Page 18 of Wild Night

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“Let me have that.” Colm took Padraig’s cup from him, sipping from it. “Jesus. Did you forget to add the Coke?”

“Coke is just there to add a splash of color,” Padraig explained. “Give me my drink. I don’t lecture you two when you knock ’em back at the pub for hours on end.”

Kelli looked at Colm and shrugged. “He’s right. He doesn’t. So…Colm. We have a choice to make. Are we going to be the voice of reason or go to the next level with him?”

Colm rubbed his forehead. “I’m still suffering from leveling up with you on Wednesday. A one-day buffer in between isn’t enough.”

Kelli didn’t reply. Just gave him a look that was pure dare.

“Fine. Where’s your bottle of bourbon, Paddy?”

“I’ll get it.” Emmy stepped away then returned from the kitchen with half a fifth of bourbon, a couple cans of Coke, two more red Solo cups, and Robbie in tow. She started to hand one to Kelli, who shook her head.

“Fuck no. I’m good with the wine.”

“I like bourbon,” Robbie said, taking the extra cup.

Emmy played bartender for once, pouring each of the guys a drink, though she was more generous with the Coke than Padraig had been. Brooke joined them as the women lifted their wineglasses, the men their cups, and Colm issued his usual toast.

“Bottoms up. Especially yours.”

“Hey,” Sunnie said, crossing the room to Colm. “Where the hell is Darcy?”

Colm shrugged. “She texted me around seven and said she had to work a little late, but I thought she’d be here by now.”

“I better call her and che—”

Sunnie stopped mid-sentence as the lights flickered and then went out completely.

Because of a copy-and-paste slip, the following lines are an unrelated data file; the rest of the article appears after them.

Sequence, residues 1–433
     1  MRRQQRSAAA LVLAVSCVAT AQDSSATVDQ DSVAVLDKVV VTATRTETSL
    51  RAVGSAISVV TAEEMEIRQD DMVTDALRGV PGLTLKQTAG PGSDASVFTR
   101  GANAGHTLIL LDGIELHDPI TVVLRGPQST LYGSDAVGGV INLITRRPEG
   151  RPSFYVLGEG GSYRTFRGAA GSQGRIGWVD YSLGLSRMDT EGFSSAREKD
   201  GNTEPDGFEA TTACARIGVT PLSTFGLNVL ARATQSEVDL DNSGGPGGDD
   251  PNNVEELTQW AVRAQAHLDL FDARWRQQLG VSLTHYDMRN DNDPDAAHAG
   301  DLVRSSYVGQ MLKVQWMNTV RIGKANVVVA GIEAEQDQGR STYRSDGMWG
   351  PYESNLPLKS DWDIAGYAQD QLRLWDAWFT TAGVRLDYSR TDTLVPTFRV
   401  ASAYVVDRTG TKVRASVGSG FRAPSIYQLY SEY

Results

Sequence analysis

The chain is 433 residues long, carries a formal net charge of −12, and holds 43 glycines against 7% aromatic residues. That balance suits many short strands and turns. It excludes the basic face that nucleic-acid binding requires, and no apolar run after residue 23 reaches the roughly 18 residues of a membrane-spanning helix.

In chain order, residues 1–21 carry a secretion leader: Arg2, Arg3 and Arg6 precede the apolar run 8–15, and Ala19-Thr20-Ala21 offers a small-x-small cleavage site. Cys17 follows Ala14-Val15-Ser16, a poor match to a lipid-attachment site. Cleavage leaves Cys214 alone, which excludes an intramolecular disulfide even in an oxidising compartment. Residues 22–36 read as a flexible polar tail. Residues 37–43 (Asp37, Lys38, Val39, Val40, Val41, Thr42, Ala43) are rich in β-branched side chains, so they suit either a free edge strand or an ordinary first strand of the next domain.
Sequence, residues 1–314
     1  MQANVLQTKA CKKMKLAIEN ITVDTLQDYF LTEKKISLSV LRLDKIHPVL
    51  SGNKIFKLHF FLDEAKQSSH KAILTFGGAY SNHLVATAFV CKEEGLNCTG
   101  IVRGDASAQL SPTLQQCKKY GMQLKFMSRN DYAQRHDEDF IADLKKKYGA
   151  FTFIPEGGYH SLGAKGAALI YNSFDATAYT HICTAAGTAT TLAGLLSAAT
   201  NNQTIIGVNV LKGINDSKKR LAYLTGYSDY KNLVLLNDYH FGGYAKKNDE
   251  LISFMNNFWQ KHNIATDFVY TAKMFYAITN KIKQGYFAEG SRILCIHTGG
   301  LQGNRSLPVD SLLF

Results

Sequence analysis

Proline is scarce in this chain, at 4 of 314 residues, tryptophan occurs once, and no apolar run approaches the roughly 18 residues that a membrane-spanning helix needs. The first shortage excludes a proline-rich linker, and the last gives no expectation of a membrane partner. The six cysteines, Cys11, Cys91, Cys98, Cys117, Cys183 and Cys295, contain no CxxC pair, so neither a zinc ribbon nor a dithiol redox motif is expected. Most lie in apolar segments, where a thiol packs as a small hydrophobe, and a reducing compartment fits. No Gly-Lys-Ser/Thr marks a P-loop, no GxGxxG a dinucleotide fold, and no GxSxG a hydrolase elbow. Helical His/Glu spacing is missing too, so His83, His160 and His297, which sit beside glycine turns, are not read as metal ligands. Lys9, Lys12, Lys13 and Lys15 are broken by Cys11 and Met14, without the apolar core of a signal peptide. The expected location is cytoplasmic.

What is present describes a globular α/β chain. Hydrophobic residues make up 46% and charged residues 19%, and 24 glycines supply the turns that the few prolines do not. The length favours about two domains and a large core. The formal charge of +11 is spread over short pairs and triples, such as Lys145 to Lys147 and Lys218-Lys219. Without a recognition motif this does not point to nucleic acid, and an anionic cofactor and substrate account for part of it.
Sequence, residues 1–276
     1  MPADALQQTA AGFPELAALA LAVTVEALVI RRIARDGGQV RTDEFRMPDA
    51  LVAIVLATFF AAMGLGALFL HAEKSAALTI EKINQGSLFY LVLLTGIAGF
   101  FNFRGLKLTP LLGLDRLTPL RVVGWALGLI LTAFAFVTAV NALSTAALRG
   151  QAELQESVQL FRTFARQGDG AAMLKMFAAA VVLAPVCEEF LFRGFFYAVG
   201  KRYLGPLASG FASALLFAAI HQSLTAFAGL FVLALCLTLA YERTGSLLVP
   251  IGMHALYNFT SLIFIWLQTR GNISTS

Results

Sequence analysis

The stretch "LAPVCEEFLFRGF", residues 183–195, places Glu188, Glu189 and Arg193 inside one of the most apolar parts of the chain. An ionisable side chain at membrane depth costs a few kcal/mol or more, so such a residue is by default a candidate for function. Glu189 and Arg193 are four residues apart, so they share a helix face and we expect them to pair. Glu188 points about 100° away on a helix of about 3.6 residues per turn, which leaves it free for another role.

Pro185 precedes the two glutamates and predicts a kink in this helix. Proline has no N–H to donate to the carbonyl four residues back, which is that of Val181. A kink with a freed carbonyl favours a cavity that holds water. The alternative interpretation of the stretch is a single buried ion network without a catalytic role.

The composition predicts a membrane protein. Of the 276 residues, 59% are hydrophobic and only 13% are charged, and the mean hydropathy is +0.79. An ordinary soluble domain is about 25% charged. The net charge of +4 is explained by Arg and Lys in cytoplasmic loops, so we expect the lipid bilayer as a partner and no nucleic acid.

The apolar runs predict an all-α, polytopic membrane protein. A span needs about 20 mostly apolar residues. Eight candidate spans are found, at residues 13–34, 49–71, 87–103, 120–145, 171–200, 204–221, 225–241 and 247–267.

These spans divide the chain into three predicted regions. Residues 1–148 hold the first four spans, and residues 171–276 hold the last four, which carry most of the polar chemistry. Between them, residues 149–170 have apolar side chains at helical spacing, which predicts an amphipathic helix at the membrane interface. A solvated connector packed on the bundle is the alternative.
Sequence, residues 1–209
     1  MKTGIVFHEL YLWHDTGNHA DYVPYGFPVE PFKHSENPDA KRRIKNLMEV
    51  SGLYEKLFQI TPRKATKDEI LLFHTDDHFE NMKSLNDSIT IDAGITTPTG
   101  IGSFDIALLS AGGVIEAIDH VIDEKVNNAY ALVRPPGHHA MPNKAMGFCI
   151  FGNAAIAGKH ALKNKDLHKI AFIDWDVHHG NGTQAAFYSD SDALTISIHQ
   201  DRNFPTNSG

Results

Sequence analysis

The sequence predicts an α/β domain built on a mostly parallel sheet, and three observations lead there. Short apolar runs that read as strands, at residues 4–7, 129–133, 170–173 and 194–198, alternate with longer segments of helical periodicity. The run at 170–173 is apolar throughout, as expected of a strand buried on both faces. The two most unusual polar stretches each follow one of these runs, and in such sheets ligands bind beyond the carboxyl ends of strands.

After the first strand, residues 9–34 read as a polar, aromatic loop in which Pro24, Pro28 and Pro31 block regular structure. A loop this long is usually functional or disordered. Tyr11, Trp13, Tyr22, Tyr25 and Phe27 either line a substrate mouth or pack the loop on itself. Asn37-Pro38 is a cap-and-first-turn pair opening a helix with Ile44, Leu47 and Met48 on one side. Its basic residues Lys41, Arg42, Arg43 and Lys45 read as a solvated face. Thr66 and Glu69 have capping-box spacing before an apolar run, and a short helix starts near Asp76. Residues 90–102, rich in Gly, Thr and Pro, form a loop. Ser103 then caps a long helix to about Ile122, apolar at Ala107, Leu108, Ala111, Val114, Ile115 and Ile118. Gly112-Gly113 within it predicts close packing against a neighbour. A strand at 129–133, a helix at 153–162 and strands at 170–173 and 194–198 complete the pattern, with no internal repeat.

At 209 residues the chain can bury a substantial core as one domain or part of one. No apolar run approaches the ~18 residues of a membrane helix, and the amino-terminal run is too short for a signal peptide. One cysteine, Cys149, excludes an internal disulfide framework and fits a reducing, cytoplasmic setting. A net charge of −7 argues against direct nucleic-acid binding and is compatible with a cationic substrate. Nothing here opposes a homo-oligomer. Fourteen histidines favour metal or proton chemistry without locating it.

The room, which had been filled with music and loud voices, was suddenly very quiet and pitch-black.

“What the hell?” Sunnie said.

Several people pulled out their cell phones and fired up the flashlight app. When a few minutes passed, it became pretty obvious the power wasn’t coming back on.

Kelli made her way over to the window. “It’s not just us. Looks like the whole street is out. It’s dark as sin out there.”

Everyone started talking at once because, as Kelli had learned a long time ago, that was how the Collins clan communicated. It had taken her quite a few years when she was younger to get the knack of talking and listening at the same time, but the skill had come in handy now that she was a kindergarten teacher.

Suddenly, a loud whistle cut through the noise and everyone fell silent again.

“Jesus, Sunnie. I think you pierced my eardrum,” Landon said.

“Sorry,” Sunnie said, without an ounce of remorse in her voice. “But they weren’t quieting down for you.”

Landon shook his head, then said, “Hey, listen up. It’s a city-wide blackout. Transformer fire at a substation. They don’t know how long the power will be out.” Landon looked around. “Miguel? Where are you, man?”

“Over here,” Miguel called out from a shadowy area near the dining room table.

“Aaron just called. They need us to go into work.”

Miguel and Landon were both on the Baltimore police force, and Colm’s uncle Aaron was their boss. Both of them had been drinking soda because every cop was officially “on call” on Halloween. As such, Kelli suspected every cop in the city was being called in at the moment. Blackouts were prime season for looting and God only knew what else in Baltimore. Add in the Halloween factor and chances were good shit could go south fast.

“Dammit,” Sunnie grumbled, even as she gave Landon a quick kiss on the cheek. “Be careful.”

Miguel and Landon shone themselves a path with the flashlights on their phones, making their way to the steps that led down to the pub.

Yvonne followed. “I’d better go help Dad sort things out with whoever is still dining on Sunday’s Side.”

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